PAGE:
28 February 2024


by: Admin


Categories: Legislation, Non-Domestic Rating, Reform, Regulations

Mezzanine Floors

When do rates apply?

Business rates in England are tax on the occupation of commercial property. They are charged on premises such as shops, offices, pubs, warehouses, factories and holiday rental homes. The ratable value of your property may change if you alter the size of your structure by adding an extension or alteration. Additionally the rates you pay on your building could change if you alter what your business uses the space for.

Adding a mezzanine floor to your warehouse can be a good move to optimise your available space efficiently. It can provide room for your growing business but can also offer potential cost-saving advantages. One key benefit is that depending on what you intend to use it for you may be exempt from paying rates on your mezzanine floor.

By incorporating a mezzanine floor, a business gains additional space without the often large expense of relocating to a new permanent unit or leasing off-site storage facilities. This cost-effective approach allows you to make the most out of your existing infrastructure, enhancing operational capabilities while keeping costs relatively low.

The impact on your business rates can vary depending on the nature of your mezzanine floor. If it’s designed to be lightweight, freestanding, and relocatable, it’s considered similar to pallet racking due to this your rates will typically remain unaffected, presenting a clear advantage. However, be aware that additional rates may be applied if it is not easily removable, re-erectable, or reusable.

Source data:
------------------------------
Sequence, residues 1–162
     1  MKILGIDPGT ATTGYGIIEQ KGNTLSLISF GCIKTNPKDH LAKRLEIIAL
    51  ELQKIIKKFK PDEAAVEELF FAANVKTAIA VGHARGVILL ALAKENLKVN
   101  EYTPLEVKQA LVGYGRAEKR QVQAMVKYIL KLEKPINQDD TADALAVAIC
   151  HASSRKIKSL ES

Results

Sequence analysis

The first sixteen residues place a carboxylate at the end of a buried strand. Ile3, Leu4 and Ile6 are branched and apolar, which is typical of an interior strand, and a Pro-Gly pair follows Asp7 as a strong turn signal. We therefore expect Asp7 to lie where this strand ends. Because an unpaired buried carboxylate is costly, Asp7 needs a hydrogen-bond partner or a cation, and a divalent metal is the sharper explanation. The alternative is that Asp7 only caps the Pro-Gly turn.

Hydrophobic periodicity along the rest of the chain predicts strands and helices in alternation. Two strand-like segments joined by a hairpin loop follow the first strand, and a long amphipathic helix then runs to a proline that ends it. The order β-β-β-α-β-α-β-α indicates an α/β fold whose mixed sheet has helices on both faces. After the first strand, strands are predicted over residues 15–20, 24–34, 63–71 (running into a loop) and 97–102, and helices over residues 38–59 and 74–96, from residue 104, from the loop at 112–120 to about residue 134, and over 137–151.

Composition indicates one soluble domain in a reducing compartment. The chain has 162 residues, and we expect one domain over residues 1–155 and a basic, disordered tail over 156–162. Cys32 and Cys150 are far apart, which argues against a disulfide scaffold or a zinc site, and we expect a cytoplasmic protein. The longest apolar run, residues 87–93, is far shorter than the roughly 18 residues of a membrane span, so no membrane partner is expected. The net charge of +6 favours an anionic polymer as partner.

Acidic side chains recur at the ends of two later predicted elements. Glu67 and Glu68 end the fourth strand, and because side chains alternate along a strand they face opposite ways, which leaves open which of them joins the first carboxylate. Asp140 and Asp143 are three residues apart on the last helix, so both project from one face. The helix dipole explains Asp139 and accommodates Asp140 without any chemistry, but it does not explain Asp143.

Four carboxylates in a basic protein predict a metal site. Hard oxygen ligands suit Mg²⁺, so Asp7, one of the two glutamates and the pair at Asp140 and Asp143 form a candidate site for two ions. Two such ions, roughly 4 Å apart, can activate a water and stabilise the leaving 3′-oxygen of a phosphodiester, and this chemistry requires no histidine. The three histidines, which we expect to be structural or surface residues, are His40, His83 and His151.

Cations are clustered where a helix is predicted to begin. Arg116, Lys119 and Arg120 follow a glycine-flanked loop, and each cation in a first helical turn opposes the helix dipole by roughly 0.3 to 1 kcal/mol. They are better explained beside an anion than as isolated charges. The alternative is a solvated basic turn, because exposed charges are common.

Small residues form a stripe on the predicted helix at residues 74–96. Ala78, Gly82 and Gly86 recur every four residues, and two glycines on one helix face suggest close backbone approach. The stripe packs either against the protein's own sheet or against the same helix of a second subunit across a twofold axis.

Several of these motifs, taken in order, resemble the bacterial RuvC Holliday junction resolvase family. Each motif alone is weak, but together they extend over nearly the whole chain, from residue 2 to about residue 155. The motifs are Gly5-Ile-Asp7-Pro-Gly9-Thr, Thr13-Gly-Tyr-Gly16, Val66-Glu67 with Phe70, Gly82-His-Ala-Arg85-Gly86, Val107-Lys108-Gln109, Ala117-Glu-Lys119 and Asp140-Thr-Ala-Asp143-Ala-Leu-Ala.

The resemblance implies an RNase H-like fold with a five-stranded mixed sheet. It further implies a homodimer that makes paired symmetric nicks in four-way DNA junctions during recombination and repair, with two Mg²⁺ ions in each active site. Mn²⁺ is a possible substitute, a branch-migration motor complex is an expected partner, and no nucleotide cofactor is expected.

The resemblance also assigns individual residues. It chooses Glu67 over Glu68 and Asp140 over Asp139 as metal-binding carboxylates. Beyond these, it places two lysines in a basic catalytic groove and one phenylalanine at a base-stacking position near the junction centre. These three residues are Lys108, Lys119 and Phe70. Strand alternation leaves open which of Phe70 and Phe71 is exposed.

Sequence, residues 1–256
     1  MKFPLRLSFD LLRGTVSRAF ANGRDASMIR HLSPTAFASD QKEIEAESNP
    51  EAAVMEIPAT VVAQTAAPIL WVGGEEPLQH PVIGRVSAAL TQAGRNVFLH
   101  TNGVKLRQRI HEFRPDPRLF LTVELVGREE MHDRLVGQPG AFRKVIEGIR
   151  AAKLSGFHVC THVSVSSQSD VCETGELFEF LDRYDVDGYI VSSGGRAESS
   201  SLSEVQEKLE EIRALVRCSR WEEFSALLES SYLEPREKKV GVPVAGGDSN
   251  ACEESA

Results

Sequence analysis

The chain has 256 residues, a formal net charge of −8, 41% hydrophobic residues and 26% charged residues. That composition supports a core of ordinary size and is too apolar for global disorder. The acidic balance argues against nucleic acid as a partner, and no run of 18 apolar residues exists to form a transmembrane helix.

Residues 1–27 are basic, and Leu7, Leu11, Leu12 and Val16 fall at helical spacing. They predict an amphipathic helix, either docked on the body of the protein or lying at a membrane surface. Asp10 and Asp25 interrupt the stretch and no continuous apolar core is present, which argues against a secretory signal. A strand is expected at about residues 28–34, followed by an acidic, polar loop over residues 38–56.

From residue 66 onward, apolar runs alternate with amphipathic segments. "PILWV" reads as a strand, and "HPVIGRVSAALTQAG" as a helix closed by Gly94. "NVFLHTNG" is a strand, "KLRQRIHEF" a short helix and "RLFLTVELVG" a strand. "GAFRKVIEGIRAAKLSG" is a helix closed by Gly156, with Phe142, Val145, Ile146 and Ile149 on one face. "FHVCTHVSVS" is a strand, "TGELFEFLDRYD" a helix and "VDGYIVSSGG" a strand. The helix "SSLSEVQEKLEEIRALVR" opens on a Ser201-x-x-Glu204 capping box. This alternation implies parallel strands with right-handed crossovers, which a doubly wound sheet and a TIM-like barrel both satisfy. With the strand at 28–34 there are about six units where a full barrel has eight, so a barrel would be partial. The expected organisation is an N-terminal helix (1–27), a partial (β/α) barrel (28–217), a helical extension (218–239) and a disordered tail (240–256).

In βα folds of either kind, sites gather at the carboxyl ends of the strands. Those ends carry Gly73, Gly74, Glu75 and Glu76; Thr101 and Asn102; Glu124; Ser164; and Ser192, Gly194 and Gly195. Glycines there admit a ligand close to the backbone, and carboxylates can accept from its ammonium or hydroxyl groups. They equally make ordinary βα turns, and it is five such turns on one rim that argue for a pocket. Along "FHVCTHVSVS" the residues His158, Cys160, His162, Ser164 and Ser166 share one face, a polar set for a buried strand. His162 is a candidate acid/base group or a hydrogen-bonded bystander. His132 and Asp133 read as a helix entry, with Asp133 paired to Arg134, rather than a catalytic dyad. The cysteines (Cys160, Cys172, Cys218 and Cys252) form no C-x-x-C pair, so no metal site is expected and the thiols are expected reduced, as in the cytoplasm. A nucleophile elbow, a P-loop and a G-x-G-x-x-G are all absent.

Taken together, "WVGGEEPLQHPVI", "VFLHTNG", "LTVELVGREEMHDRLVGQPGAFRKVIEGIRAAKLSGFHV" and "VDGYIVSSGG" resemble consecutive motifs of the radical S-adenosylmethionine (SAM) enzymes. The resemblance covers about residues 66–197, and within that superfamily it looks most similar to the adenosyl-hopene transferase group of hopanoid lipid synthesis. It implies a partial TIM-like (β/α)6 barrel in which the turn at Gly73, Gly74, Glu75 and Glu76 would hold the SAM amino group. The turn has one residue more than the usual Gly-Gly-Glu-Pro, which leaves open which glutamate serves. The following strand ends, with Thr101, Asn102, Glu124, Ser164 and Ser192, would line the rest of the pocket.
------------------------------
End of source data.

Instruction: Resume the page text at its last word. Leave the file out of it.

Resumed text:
Following a successful business rates appeal  in 2020, Amazon was to benefit from millions of pounds in business rates back from a council after a row over one of its warehouses.   The online shopping giant successfully appealed against the amount it was charged by Cannock Chase Council by arguing that mezzanine floors did not count as floor space.

It means the local authority will have to hand back something in the region of £3million – forcing it into financial hardship.   More information can be found here.